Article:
Challenging a grand jury is rare, but some legal observers say it might make sense

Pittsburgh Post-Gazette

July 6, 2018

By Julian Routh

The legal battle over the release of a report on sexual abuse has called into question the very nature of the grand jury that investigated and wrote about decades of abuse in Catholic dioceses across Pennsylvania.

The Roman Catholic dioceses of Greensburg and Harrisburg last year sought to shut down the statewide grand jury investigating sexual abuse by priests in six dioceses, including their own, contending that the creation of the grand jury lacked a legal justification. And in filings on behalf of more than two dozen clergy petitioners, lawyers on Thursday challenged the release of the mammoth report, claiming it leaves their clients “wrongly accused and falsely implicated.”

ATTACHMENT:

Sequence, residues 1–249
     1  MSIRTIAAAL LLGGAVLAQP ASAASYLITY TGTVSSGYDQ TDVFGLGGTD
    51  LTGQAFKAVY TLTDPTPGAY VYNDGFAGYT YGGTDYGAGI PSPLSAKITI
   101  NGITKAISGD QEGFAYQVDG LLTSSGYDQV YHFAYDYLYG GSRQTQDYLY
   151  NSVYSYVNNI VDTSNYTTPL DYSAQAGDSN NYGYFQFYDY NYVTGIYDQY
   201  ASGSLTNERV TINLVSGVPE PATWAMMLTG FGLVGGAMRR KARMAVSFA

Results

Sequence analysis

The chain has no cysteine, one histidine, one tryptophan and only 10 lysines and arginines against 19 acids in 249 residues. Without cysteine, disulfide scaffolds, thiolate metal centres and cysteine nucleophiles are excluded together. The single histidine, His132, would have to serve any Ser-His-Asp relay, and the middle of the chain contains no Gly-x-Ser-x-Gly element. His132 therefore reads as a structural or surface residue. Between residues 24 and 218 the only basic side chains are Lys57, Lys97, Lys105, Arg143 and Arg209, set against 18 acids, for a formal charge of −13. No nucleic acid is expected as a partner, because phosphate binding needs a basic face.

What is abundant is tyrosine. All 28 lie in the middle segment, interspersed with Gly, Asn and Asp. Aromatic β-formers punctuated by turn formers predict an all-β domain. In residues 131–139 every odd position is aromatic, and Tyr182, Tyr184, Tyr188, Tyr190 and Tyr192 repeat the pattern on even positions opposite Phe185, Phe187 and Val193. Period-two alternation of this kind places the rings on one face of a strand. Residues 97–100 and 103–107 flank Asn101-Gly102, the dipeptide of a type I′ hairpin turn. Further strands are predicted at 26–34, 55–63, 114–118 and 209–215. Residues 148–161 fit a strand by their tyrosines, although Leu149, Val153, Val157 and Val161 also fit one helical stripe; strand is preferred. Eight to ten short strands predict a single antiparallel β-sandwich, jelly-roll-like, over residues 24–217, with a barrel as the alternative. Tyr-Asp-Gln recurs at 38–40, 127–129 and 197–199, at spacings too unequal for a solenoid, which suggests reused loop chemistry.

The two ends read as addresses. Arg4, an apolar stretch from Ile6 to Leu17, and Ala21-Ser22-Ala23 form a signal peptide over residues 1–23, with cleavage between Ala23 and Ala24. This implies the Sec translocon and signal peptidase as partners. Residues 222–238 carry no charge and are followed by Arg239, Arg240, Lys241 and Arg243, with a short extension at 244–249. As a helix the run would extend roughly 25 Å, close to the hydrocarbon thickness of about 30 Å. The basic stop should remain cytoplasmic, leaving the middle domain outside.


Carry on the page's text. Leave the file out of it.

According to two Pennsylvania legal experts, the courtroom maneuvering over this grand jury’s report is unprecedented in its strategy, and has triggered a complex discussion about the rights of the accused and the defense of their reputations. The challenges have been both to the validity of the grand jury itself and to the way in which it has done its work.

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